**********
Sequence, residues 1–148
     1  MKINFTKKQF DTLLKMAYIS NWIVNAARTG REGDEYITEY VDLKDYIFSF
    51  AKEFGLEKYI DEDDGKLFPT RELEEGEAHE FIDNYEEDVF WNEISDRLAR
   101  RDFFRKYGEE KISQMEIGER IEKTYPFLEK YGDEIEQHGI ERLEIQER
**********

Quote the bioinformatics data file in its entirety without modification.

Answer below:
Sequence, residues 1–148
     1  MKINFTKKQF DTLLKMAYIS NWIVNAARTG REGDEYITEY VDLKDYIFSF
    51  AKEFGLEKYI DEDDGKLFPT RELEEGEAHE FIDNYEEDVF WNEISDRLAR
   101  RDFFRKYGEE KISQMEIGER IEKTYPFLEK YGDEIEQHGI ERLEIQER